FARE Teams with South Ward Promise Neighborhood in Newark, NJ to Support Food Allergy Families
Community needs assessment to spotlight challenges and inform outreach to those managing food allergy
McLean, Va. (February 04, 2021)– FARE, the world’s leading non-governmental organization engaged in food allergy advocacy and the largest private funder of food allergy research, has partnered with South Ward Promise Neighborhood (SWPN) in Newark, NJ, to gather input from community members managing food allergies and work together to identify local priorities for food allergy awareness, training and support programs. Building on grassroots involvement and feedback, the FARE Community Access Initiative will establish a self-sustaining framework for food allergy support and advocacy in the South Ward, that can also serve as a model for expanding food allergy services in other cities across the country.
FARE recognizes that underserved and low-income communities experience significant health disparities relating to food allergy prevalence, diagnosis and treatment. Additionally, Black children have been shown to be more likely to develop food allergy than white children, and children covered by Medicaid are much less likely to receive a doctor’s diagnosis of food allergy than are children in the U.S. overall.
“For people with food allergies, access to safe food is a critical challenge with severe health consequences,” noted Lisa Gable, chief executive officer for FARE. “A FARE-funded study found that low-income households managing food allergies spend more than two times more on emergency department and hospitalization costs than food allergy households with higher incomes. This cost disparity may reflect limited access to specialty care, safe foods and emergency medications such as epinephrine auto-injectors in economically challenged communities. Through collaboration with South Ward Promise Neighborhood, FARE is searching for ways to build trust, bring hope and improve the quality of life and the health of food allergy families.”
Following a community needs assessment, FARE will establish how individuals and families are managing food allergies and the challenges they face. The assessment will drive development of programmatic solutions to address those challenges, such as access to care, educational resources, and support and training for schools, food banks and health care providers. The programs will be guided by a volunteer council of parents, health and educational professionals, and other community stakeholders.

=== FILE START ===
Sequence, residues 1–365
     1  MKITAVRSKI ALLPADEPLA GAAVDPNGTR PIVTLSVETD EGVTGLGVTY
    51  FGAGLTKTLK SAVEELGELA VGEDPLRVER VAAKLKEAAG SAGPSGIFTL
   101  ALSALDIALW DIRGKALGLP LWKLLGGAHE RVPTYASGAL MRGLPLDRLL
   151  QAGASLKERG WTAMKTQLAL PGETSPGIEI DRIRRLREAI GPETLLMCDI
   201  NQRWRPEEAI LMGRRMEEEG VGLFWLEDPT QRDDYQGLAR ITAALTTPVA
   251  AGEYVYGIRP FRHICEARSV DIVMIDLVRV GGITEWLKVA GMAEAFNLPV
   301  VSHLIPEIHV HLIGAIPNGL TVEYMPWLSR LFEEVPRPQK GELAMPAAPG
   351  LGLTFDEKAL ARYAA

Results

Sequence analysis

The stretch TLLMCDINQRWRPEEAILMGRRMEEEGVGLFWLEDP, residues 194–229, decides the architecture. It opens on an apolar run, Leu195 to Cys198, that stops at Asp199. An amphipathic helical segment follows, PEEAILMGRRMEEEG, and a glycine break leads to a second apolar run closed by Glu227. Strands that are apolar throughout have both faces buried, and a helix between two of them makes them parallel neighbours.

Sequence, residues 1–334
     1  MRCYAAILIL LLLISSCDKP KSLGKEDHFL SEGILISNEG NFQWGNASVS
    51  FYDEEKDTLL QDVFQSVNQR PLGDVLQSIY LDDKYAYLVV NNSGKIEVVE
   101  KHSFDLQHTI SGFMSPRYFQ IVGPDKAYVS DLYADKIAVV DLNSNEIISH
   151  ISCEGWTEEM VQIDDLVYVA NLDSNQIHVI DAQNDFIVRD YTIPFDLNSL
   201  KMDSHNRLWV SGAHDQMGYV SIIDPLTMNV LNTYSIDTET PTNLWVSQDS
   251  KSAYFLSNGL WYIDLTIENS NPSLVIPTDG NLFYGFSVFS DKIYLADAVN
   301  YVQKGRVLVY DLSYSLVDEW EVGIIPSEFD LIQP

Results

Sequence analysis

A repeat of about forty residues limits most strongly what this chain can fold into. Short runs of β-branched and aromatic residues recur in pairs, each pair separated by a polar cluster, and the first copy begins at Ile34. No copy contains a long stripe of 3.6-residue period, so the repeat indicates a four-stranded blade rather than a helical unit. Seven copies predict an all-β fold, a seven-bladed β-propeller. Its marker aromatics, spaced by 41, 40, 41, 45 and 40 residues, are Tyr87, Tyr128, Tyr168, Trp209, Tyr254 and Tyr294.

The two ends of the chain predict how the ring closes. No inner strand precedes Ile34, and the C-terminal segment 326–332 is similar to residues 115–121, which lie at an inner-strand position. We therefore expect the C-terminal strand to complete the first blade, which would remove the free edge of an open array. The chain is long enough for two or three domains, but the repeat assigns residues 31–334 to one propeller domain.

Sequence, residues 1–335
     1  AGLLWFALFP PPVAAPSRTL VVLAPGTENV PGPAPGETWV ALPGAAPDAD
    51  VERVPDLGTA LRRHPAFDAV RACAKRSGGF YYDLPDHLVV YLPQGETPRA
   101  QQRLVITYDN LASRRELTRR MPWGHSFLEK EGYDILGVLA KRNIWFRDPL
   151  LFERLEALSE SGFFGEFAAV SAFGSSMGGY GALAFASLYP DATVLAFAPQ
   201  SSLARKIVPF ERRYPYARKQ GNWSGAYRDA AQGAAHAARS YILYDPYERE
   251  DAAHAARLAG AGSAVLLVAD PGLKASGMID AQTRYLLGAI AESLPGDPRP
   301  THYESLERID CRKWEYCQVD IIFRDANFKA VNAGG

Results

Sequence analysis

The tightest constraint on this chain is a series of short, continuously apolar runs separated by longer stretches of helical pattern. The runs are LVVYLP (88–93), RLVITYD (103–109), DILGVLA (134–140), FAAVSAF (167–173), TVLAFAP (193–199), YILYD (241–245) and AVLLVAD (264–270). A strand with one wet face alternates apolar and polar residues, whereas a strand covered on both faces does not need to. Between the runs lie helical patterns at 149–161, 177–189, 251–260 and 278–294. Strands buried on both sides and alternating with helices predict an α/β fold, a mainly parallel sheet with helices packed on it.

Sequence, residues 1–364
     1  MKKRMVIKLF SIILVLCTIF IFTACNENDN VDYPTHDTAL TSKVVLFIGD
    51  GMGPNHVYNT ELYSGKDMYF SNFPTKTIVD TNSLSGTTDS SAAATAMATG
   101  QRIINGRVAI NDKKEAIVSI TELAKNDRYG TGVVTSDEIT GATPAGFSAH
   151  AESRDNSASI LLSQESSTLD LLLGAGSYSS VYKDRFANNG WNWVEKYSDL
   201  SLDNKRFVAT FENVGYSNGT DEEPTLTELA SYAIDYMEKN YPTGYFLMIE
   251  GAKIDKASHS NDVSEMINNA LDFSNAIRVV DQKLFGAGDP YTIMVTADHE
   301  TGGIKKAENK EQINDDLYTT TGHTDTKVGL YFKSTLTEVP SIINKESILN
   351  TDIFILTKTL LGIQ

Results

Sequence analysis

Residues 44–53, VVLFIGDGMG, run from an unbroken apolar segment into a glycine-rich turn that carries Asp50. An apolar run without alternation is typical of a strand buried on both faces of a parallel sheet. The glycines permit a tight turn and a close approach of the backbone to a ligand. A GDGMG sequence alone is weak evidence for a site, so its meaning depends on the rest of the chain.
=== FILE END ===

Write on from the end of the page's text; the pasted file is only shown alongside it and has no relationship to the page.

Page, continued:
“More than half of the children living in the South Ward live in poverty—that’s nearly twice the national rate and they deserve better, starting with their health and safety,” said Nichelle Holder, Chief Program Officer, SWPN. “We are thrilled to have found a partner in FARE and together we look forward to uncovering ways we can improve the lives of children living with challenging health conditions such as food allergies, and get them the support they need, setting them up for a better future.”
The FARE Community Access Initiative is part of FARE’s holistic Diversity, Equity, Inclusion and Access (DEIA) initiative. The programs associated with the initiative will enable significant impact for the diverse food allergy community and are designed to advance conversation and collaboration to ensure that patients of color have seats at the table and their needs are met.
“Our goal is to improve the quality of life for all individuals with food allergy, and to meet their growing needs,” said Anita Roach, MS, vice president, health innovation strategies at FARE. “By working directly with our partners at SWPN, FARE can help address the priorities of this community and make a real difference.”
Food allergy is an expensive disease that costs U.S. families more than $25 billion annually while disproportionately impacting low-income and underserved communities. FARE plans to apply successful approaches developed through the program piloted in Newark to expand access to food allergy services in other communities nationwide on behalf of the 32 million Americans living with potentially life-threatening food allergies.
To learn more about the FARE Community Access Initiative program, visit www.foodallergy.org/cai.
FARE (Food Allergy Research and Education) is the nation’s leading non-profit engaged in food allergy advocacy as well as the largest private funder of food allergy research. FARE’s innovative education, advocacy and research initiatives transform the future of food allergy through new and improved treatments and prevention strategies, effective policies and legislation, and novel approaches to managing the disease. To learn more, visit: foodallergy.org.